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Sentence (1) has a reservative meaning: fall out of love

(1) You can never unlove those who you love.

What about the passive structures? See example (2):

(2) She is unloved by her friends.

Does it entail that she is not loved (adjectival interpretation as in unhappy or untidy) or that she was loved but she ceased to be loved anymore (a reservative interpretation)?

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2 Answers 2

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Freedictionary indicates that there are 2 suffixes, and each of your two examples correspond to one of them:

There are two prefixes spelled un- in English. (1) One has the basic meaning "not" and attaches chiefly to adjectives (unable, unclean, unequal, unripe, unsafe) and participles used as adjectives (unfeeling, unflinching, unfinished, unsaid).

This is the case of your example (2): She is NOT loved by her friends. About the other -un, the same dictionary says:

(2) The other prefix un- is not related, despite its common origin in Old English. It forms verbs and expresses removal, reversal, or deprivation: undress, unravel, unnerve. This un- is in fact related to the Greek prefix anti-, "against, opposite, in return," which appears in English as the prefix anti-.

This is the case of your example (1): You cannot reverse love, or, as you have mentioned, you cannot fall out of love.

Etymonline explains that the two prefixes can be confusing:

un-(2) is more or less confused with un- (1) through similarity in the notions of "negation" and "reversal;" an adjective such as unlocked might represent "not locked" (un- (1)) or the past tense of unlock (un- (2)).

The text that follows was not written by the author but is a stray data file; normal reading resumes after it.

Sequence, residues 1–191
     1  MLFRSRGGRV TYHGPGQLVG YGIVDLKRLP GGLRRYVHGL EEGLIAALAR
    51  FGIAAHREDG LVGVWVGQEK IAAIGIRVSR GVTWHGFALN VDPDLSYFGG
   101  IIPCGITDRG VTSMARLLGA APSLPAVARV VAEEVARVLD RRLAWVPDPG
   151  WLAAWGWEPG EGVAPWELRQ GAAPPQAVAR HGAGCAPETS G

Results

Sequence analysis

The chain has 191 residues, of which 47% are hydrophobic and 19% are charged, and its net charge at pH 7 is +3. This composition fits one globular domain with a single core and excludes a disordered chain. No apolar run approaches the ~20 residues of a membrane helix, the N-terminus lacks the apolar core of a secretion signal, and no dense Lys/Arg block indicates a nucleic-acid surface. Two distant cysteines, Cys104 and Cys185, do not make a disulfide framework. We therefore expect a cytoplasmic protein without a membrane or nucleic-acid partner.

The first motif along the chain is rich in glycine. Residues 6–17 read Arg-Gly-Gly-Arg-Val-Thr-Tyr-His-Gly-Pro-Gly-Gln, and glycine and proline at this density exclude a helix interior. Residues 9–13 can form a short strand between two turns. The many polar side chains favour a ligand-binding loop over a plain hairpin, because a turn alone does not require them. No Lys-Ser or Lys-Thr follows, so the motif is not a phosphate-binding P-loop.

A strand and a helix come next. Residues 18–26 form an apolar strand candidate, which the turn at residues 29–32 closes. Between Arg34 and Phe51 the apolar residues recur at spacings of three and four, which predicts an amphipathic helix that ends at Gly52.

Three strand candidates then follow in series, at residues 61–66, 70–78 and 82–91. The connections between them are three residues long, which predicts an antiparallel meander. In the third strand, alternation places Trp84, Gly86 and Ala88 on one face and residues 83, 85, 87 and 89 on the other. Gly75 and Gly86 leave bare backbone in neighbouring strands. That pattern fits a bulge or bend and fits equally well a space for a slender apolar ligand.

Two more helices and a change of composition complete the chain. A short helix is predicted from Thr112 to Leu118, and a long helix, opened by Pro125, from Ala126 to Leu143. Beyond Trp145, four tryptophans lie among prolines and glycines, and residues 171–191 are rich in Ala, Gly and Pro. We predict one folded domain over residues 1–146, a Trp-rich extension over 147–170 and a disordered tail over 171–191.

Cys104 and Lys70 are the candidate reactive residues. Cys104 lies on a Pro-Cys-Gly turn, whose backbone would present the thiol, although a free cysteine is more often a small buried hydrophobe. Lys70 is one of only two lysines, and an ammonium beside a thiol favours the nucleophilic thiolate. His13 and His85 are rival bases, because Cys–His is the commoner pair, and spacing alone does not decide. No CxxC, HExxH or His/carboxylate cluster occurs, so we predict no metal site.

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The difference in meaning between the verb to unlove (and its passive) and the adjective unloved can create ambiguity.

unloved (adj.)

Not loved or held in affection; uncared-for. OED

unlove (verb)

To cease to love (a person or thing).

If you love him, then unlove him.
I have told you..that I had learnt to love Mr. Rochester: I could not unlove him now. OED

So my reading of

(2) She is unloved by her friends

is that she has friends, but they don't love her.

She was unloved by all is more plausible meaning no one loved her, rather than all fell out of love with her.

For (2) to have its other meaning would IMO require some clue that this is the process of unloving someone:

She was unloved by her friends one by one.
She is being unloved by her friends and it is devastating her.

The unloved woman... beginning a sentence is ambiguous. Was she unloved by someone who used to love her, or does nobody love her? The adjective meaning (not loved) is more common than the past participle of to unlove used as an adjective because the verb to love is common and to unlove is not.

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